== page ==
Modern Innovators: Pushing Boundaries

Twenty-first-century modern dance is wildly diverse, encompassing innovators of every stripe. What these innovators have in common, in Chicago and in the dance world as a whole, is a commitment to questioning established definitions of dance. Contemporary choreographers draw inspiration from every genre—ballet, jazz, tap, street, and social dance, as well the modern traditions of twentieth-century masters such as Martha Graham and Merce Cunningham. From such diverse sources they craft their own idiosyncratic aesthetic identities.

Just as early modern pioneers turned the movement vocabulary of ballet on its head, early postmodern choreographers questioned the established conventions of modern dance. In the 1960s and ’70s, radical experimentalists aimed to strip dance of virtuosity and theatricality, creating works built on everyday movements, like walking and skipping, and performing them in street clothes and in nontraditional spaces. The goal: to make dance accessible to all, and to marry it to the era’s ideals of social and personal transformation. From its founding in 1974 until it folded in 1989, the MoMing Dance and Arts Center promoted postmodern dance to Chicago, with performances by leading choreographers such as Trisha Brown and Meredith Monk. Today, the tradition lives on at venues like Links Hall, a Lakeview performance space founded in 1978 and dedicated to independent dance and performance. Links programming includes workshops in dance-theater techniques like the avant-garde Japanese art of butoh as well as weekly contact improvisation "jams" and public performances by an array of local fringe artists.

Unlike early postmodern dancers, today’s technical innovators do not shun virtuosity. Rather, many have developed their own unique—and at times radical—movement styles. The acrobatic Chicago Dance Crash fuses contemporary dance with techniques drawn from breakdancing, aerobics, and the Brazilian martial art of capoeira. The company’s smash-hit 2007 "movement play," Tiger Prawn: The Mountain Mover, employed a high-powered blend of kung-fu and modern dance to create a full-length performance accessible to an audience new to dance. Similarly, for her Breakbone DanceCo, founder Atalee Judy had developed her own signature "Bodyslam Technique"—a bold, punishing style inspired by punk rock. Breakbone’s apparently fearless dancers crash into each other, the walls, and the floor with abandon. Judy’s work is often dark and challenging, exploring emotionally and politically charged issues such as sexual violence to convey her passionate worldview to an audience outside the mainstream.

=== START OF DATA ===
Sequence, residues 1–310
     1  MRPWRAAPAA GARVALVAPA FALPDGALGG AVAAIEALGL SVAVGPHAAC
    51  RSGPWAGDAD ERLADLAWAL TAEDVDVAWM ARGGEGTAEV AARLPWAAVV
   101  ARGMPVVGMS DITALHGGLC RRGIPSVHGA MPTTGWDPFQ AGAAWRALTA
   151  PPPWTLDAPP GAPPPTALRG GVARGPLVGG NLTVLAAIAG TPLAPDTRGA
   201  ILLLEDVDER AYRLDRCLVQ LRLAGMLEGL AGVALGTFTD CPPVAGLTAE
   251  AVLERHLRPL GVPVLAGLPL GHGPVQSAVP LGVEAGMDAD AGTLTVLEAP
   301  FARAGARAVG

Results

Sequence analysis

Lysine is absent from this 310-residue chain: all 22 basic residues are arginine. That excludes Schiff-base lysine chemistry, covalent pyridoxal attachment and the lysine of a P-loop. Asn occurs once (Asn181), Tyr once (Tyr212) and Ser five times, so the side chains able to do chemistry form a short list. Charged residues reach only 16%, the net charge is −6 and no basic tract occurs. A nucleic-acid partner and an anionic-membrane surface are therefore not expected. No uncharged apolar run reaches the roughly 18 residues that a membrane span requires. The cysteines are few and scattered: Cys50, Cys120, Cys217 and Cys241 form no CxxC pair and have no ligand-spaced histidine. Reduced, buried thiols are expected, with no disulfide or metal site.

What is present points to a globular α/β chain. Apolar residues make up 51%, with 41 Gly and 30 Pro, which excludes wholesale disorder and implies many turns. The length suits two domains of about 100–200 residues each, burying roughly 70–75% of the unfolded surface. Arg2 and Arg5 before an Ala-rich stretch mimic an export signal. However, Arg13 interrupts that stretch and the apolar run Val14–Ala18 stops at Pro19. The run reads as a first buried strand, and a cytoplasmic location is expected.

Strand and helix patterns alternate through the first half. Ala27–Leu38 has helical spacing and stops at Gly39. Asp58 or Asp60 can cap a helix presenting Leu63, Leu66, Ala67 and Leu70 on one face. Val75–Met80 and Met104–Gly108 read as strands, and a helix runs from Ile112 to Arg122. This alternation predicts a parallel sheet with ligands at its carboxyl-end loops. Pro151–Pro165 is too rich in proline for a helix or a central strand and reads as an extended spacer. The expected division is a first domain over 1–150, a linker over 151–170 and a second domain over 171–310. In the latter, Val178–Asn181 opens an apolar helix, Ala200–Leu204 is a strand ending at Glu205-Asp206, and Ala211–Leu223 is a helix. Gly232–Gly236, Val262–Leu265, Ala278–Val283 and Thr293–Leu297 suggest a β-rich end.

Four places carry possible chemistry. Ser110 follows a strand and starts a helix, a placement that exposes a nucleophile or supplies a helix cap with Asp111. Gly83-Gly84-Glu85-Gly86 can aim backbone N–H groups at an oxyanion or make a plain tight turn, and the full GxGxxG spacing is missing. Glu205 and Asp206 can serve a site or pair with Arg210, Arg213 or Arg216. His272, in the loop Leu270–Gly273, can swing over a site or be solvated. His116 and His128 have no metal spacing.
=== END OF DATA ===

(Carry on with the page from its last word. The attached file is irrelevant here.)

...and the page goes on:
Breakbone joins other Chicago companies in challenging the notion that dance performances must take place in a theater. Breakbone has staged work on a rooftop and in a sculpture garden. But that’s nothing compared to local company, the Seldoms. This small, coolly intellectual company focuses on site-specific work in unorthodox spaces, including the Cultural Center’s Preston Bradley Hall, Millennium Park’s Lurie Garden, and a parking garage. In 2005 the Seldoms premiered GIANT FIX, a full-length work staged in the empty swimming pool at Hamlin Park. By creating work for nontraditional performance venues, the Seldoms and others seek to challenge the traditional relationship of performer to the stage, and that of audience to performer.

Dance has always been a collaborative art form, and the Seldoms and other contemporary Chicago companies pursue active partnerships with cutting-edge artists in other media. In 2007, for example, the Seldoms joined forces composer Richard Woodbury, who created the score for the Hurricane Katrina-inspired Overflow using sound produced by the pipes from a demolished church organ. Molly Shanahan/Mad Shak drew together three composers (including pop-violinist Andrew Bird), School of the Art Institute-trained costumer Heidi Dakter, and theater artist Leslie Buxbaum Danzig (500 Clown) to create the 2007 evening-length solo performance My Name Is A Blackbird. Other groups, such as the all-female Zephyr Dance, Thodos Dance Chicago, and Lucky Plush Productions create visually striking work through close collaboration with set and costume designers. Lucky Plush also works with video and other new media artists to explore the potential of new technologies in performance.

These and many, many other dance artists are continually breaking new ground, paving the way for Chicago’s next generation of dancers and choreographers with the help of institutions like the Auditorium Theatre at Roosevelt University, the Athenaeum Theatre, the Museum of Contemporary Art, and the Harris Theater—all significant venues that support the city’s vital dance community. And young dancers interested in exploring the potential of dance as a vehicle for creative expression are well served by college-level programs at Columbia College Chicago and Northwestern University, vital training grounds for the next generation of innovators.